Once upon a time you lived, worked and died all within a short walk from each other.  In feudalism people owned land and lived well.  The landed aristocracy.  And other people (the peasants) worked the land.  But did not live as well as those who owned it.  For it was back-breaking work for long hours with no respite except in death.  For those who worked the land belonged to the land.  Just as the trees and fields and rivers did.  Peasants belonged to the land and the land belonged to the landowner.  The peasants couldn’t leave.  And they couldn’t work hard to provide a better life for their children.  For they were bond to the land as their patents were.  With no choice but to work the land like their parents did.

This was how life was before we started to use power to make our work easier.  We had long been using animal power to do things we didn’t have the strength or the endurance to do.  Such as pulling a plow.  Or a wagon full of goods.  Or to travel great distances more quickly than we could by walking.  Harnessing the power of moving water changed all of that.  For a river moves constantly.  And when you place a waterwheel in moving water you can convert the linear motion of the water into rotational motion.  This rotational motion could turn a main shaft running though a factory.  Belts and pulleys could transfer this power to workstations throughout the factory floor.  And these powered workstations could do far more work than a person could.  Lumberjacks could transport logs down a river to a lumber mill.  Where a waterwheel could spin a saw that made lumber out of those logs at such a rate that great cities could arise around these mills.  Cities with other factories powered by waterwheels.  And homes.

So it’s no surprise that our early cities grew up on rivers.  Both for water power.  And the ability to use them to ship bulk goods.  Ship transport.  Something even animals weren’t good at.  It is in these cities that wealth and political power grew.  Centers of industry and commerce.  Creating great wealth for those who controlled the resources that made all of that possible.  So another aristocracy grew.  Rent-seeking captains of industry and commerce.  Who give capitalism a bad name.  Who use their political power to maximize their profits.  And buy favors from those in power to protect their particular interests.  Such as using the power of government to create monopolies for themselves.  But advancing technology made that harder to do.  Especially the steam engine.  And the railroad.

The Steel and Heavy Manufacturing Industries required a Massive Infrastructure and Regionally Located Raw Materials

Control of rivers, ports and harbors provided a great opportunity to amass wealth at other people’s expense.  For when economic activity centered on water it made land around that water very valuable.  Which concentrated wealth and power on the rivers.  Until the steam engine replaced the waterwheel.  And the railroad provided a way to transport people and goods inland.  So not only did cities grow up along the waterways they grew up along the rail lines.  Those controlling these resources still had great wealth and power.  But they also offered competition.  And more economic liberty.  For while there can only be one Tennessee River flowing through Chattanooga, Tennessee, there can be more than one railroad running through Chattanooga.  Which made Chattanooga an important city to hold during the American Civil War.  For there was a great rail junction in that city.  Giving anyone who controlled the city access to any part of the Confederacy.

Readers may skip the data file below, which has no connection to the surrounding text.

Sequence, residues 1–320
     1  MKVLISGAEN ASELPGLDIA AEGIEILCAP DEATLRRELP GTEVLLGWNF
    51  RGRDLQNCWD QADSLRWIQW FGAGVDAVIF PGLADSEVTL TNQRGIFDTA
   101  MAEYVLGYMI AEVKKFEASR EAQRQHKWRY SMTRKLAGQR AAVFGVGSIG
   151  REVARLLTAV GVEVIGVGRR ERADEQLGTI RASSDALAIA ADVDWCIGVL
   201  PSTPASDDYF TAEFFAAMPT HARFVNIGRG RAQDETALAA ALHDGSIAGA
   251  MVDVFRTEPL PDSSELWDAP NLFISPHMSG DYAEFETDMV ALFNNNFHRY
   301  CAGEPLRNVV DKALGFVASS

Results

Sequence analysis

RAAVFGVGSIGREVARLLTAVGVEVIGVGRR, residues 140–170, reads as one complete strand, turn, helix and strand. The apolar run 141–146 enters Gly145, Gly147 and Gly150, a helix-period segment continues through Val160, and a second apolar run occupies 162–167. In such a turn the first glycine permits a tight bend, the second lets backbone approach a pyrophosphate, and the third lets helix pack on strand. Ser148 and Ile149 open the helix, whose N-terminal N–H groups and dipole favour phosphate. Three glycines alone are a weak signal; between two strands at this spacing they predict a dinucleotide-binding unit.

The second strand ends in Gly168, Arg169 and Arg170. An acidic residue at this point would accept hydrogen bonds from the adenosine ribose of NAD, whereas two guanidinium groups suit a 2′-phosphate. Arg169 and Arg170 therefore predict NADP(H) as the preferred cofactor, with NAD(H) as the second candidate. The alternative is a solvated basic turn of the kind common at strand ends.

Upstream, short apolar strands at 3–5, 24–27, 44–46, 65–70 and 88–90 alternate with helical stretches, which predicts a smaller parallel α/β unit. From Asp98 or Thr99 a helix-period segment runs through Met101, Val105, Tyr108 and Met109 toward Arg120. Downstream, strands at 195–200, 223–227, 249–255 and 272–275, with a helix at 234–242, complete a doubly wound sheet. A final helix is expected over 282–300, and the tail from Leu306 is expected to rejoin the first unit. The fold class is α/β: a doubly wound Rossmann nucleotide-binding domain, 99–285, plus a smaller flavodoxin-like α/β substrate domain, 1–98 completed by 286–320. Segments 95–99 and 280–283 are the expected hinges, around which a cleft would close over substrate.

While the steam engine and railroad allowed industries to grow anywhere in the country some industries still clustered in regional areas.  Such as the steel industry.  It required three ingredients to make steel.  Iron ore, coke (coal cooked into hard charcoal briquettes) and limestone.  To make steel you use 6 parts iron ore, 2 parts coke and 1 part limestone.  Iron ore was plentiful around Lake Superior.  Because it takes a lot of iron ore and a lot of iron ore is located around Lake Superior the steel makers built their mills long the Great Lakes.  In Milwaukee.  Chicago.  Gary.  Detroit.  Toledo.  Cleveland.  Or in places like Pittsburgh where coal and iron ore deposits surround the city.  These cities made up the Manufacturing Belt.  Places with access to bulk ore shipping (on Great Lakes freighter or river barge).  And where the steel mills arose so did heavy industry that built things from that steel.  From structural steel.  To automobiles.